Since 1961, the Peace Corps has promised the adventure of a lifetime while making an impact on a third world country of your choice.
Tiffany Tai knows the benefits of being a Peace Corps volunteer first hand and says there is no better time to join than now.
With ease and a clear genuine belief in the good of the Peace Corps, she led a “Live, Learn and Work Overseas” information session at the Pasadena Central Library last Wednesday.
Volunteers serve two years in a single community in one of 65 countries. The Caribbean, Latin America, Africa, Eastern Europe, Asia and Middle East are among the most under-resourced places in the world, Tai said.
Once placed with a host family or in private housing, a volunteer will become immersed in that specific culture, language and focus: whether that is education, health, environment, community economic development and more.
For Tai, her business-oriented college education was put to use for a noble goal once she reached Uganda, her home for the next two years.
“In Uganda the focus would be HIV/AIDS, malaria, mother-child health,” said Tai.
According to Tai, the two main reasons for a large number of malaria cases are due to a community’s lack of access to clean water and mosquito bites. Tai and fellow volunteers provided the town with jerry cans to children who would walk at least three hours to reach clean water.
Tai was also able to bring down malaria cases by 90 percent after a mosquito net donation. Most Ugandans are unable to buy one on their $3 a day salary.
“I really feel like I was able to help people, increase the amount of knowledge they had, how to better their lives and the lives of their children,” Tai said. “Sometimes it was as simple as telling them the importance of washing their hands.”
The thought of one’s safety will undoubtedly be on potential volunteers’ mind, but Tai is confident in the safety of the Peace Corps’ volunteers.
During her assignment, Tai found herself two hours away from an Ebola outbreak. The Peace Corps immediately took action and relocated her.
“The safety of the volunteers is of the upmost priority,” she said.
Even in a poverty stricken country like Uganda, Tai found a companion of a lifetime in her dog, Charizard. Tai had noticed that Ugandans saw dogs as rodents as opposed to pets, but it was soon after adopting him that they began to change their attitude toward the town dogs.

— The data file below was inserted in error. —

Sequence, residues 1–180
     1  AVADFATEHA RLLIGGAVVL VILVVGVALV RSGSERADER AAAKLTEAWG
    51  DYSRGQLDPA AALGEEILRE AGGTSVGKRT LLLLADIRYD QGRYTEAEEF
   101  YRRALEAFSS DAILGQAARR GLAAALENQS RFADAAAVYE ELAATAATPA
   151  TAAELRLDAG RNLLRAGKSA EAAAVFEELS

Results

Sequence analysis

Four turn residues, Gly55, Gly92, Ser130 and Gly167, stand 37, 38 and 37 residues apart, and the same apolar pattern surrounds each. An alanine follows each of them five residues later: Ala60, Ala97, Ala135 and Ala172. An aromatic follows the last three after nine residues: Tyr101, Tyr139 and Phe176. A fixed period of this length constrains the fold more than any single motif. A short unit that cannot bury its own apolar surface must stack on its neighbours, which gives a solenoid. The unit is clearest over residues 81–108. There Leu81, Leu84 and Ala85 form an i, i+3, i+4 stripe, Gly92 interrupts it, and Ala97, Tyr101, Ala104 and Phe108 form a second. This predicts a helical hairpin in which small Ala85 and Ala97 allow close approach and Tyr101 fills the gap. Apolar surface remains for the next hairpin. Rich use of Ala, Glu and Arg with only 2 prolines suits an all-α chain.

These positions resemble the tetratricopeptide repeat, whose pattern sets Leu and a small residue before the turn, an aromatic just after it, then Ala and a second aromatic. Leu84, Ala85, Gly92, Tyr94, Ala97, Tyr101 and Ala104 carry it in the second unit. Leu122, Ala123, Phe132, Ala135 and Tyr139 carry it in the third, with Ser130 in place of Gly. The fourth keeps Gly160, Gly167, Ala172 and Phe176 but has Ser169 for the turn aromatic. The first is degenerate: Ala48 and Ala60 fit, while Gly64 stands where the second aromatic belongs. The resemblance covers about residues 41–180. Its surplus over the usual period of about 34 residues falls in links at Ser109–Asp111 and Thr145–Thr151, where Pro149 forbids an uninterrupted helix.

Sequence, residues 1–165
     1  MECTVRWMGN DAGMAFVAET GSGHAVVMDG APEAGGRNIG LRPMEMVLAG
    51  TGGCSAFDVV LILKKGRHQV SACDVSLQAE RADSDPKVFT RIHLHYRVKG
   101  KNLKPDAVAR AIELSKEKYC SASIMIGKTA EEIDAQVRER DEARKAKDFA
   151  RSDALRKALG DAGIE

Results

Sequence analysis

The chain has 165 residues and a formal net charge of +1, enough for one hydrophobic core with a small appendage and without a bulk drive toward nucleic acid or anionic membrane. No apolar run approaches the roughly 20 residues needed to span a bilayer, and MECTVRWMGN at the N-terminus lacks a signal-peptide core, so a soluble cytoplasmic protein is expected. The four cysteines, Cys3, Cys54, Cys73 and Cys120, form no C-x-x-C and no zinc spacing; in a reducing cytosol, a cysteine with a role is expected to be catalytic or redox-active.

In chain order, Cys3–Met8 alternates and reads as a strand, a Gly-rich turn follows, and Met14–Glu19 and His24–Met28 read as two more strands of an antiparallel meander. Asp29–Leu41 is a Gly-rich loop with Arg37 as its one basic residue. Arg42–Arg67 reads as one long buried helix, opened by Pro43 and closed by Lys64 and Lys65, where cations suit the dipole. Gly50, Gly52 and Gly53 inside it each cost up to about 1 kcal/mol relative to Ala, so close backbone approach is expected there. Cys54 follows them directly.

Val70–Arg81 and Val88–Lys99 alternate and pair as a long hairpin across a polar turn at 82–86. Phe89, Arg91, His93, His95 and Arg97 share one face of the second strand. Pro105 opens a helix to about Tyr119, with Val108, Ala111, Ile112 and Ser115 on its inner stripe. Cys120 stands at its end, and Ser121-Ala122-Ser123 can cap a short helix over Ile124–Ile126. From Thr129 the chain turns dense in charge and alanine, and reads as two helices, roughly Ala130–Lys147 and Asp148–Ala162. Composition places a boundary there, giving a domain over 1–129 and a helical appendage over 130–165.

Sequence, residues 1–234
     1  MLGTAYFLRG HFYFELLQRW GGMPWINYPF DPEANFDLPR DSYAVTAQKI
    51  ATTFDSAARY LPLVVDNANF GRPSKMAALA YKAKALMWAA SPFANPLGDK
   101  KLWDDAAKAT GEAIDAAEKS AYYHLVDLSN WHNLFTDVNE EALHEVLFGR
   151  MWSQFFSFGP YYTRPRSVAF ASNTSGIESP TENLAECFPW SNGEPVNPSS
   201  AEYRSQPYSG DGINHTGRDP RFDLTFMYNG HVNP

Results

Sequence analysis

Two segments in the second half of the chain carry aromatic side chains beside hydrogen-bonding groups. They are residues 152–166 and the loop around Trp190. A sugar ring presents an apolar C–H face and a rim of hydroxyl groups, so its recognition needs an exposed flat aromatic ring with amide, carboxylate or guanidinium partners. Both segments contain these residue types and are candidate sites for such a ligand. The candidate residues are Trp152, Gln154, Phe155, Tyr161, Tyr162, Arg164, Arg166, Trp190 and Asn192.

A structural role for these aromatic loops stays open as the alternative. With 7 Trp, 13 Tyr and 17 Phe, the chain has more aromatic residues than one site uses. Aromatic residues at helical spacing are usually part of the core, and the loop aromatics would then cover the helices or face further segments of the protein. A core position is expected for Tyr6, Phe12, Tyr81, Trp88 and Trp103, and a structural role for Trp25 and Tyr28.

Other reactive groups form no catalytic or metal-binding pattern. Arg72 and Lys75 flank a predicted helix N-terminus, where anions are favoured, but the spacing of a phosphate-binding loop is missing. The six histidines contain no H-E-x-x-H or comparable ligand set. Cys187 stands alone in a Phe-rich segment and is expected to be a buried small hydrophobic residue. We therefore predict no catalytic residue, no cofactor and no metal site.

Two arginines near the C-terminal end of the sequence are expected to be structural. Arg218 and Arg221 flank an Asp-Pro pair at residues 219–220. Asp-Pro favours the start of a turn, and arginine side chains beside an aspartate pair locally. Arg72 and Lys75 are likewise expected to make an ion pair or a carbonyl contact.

Volunteers assigned in places like Ukraine when the Syrian crisis began were immediately extracted. Tai stated that the Peace Corps did a “full assessment of Ukraine, how the people were responding, what they felt about Americans, so the volunteers that are serving in Ukraine are in a completely different region.”
Linda Garcia, a Saint Mary’s college graduate in the Bay area, said the Peace Corps sounds like a “neat program going to the grassroots and making a difference within a small community.”
“It’s always caught my interest but over the past year I find myself pondering it a bit more and I feel like I’m ready to take the next steps,” Garcia said.
Volunteers range in age from 20 to 79, and it can sometimes be a different transition for the older demographic. Among them is Hans Parent, currently unemployed, from Highland Park who is looking into a career change.
“I’m definitely going to do more research and I’m going to apply,” Parent said.
Not only is joining the Peace Corps a rewarding experience, it can change so many lives, including your own, Tai said.
“I learned so much from them, culturally, to broaden my perspectives. Changed me as a person, made me more confident in myself and my skillset. But it also gave me an experience to bring home,” Tai said.